Maintenance. We are currently updating the site. Please check back shortly
Members login
  • TrustLaw
  • Members Portal
Subscribe

Chinese dissidents in rare visit to Nobel laureate's wife

Source: Thomson Reuters Foundation - Mon, 31 Dec 2012 12:05 PM
Author: Reuters
hum-war
Tweet Recommend Google + LinkedIn Bookmark Email Print
Leave us a comment

BEIJING, Dec 31 (Reuters) - A small group of Chinese dissidents forced their way past security guards last week to visit the detained wife of Nobel Peace Prize winner Liu Xiaobo and deliver a message of support, one of the dissidents said on Monday.

Liu, a veteran dissident involved in the 1989 Tiananmen Square pro-democracy protests crushed by the Chinese army, won the prize in 2010. He was jailed the year before and is serving an 11-year sentence.

His wife Liu Xia is under house arrest. She is rarely allowed out and is almost never allowed to receive visitors.

Family friend and fellow dissident Hu Jia said he and a small group barged past guards at the apartment in Beijing's western suburbs on Friday - Liu Xiaobo's birthday - to be greeted by a tearful and surprised Liu Xia.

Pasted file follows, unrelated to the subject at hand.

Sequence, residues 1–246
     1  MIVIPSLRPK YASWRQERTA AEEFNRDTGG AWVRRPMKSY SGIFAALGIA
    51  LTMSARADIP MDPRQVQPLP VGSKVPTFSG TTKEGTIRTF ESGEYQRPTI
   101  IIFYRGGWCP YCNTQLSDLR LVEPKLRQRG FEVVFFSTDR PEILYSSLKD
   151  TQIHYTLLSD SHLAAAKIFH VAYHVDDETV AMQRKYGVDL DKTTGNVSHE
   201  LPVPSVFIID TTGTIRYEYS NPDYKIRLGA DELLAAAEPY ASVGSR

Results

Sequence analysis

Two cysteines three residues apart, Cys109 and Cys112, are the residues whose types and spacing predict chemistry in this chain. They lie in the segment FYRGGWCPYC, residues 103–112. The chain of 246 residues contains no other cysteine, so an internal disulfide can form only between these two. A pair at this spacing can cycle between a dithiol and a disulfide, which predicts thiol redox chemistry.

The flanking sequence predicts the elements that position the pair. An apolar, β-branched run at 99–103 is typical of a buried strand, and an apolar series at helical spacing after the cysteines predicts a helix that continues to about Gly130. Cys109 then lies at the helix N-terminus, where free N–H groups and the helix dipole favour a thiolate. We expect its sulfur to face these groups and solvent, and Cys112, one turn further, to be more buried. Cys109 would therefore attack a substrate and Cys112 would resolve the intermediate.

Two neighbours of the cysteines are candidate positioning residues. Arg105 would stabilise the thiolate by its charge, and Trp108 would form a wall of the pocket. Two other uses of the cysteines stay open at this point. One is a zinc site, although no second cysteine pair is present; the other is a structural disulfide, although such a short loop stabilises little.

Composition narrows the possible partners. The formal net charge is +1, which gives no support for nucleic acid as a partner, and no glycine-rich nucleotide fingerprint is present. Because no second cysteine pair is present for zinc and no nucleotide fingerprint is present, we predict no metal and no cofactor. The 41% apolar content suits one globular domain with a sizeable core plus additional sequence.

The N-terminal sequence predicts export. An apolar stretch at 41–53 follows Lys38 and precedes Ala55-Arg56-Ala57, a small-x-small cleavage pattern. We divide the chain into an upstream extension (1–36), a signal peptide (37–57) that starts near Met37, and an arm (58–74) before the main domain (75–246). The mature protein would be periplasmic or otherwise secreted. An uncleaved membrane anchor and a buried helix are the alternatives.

"I feel it is our right as Chinese citizens to go and see her," Hu told Reuters.

"I told her about the 134 Nobel laureates who have called on the government to release her and her husband. She was overjoyed to hear about this, but she also felt a sense of hopelessness that the government would pay no attention," he added.

"All I could say was that she should not give up hope."

Hu said the visit lasted just a few minutes, and that Liu Xia expressed a fear the government would take retribution against her for the meeting. He later uploaded a video of the visit to YouTube.

The Nobel laureates, including the Dalai Lama and author Toni Morrison, wrote to Communist Party chief Xi Jinping earlier this month, urging him to release detained Liu and his wife.

China says Liu is a criminal and should be treated as such, dismissing criticism of the case as unwarranted interference in its internal affairs. Liu's wife has not been convicted of any crime despite being under house arrest. (Reporting by Ben Blanchard; Editing by Pravin Char)

We welcome comments that advance the story through relevant opinion, anecdotes, links and data. If you see a comment that you believe is irrelevant or inappropriate, you can flag it to our editors by using the report abuse links. Views expressed in the comments do not represent those of the Thomson Reuters Foundation. For more information see our Acceptable Use Policy.

comments powered by Disqus
TOPICAL CONTENT
Topical content
LATEST SLIDESHOW

Latest slideshow

See allSee all
FEATURED JOBS
Featured jobs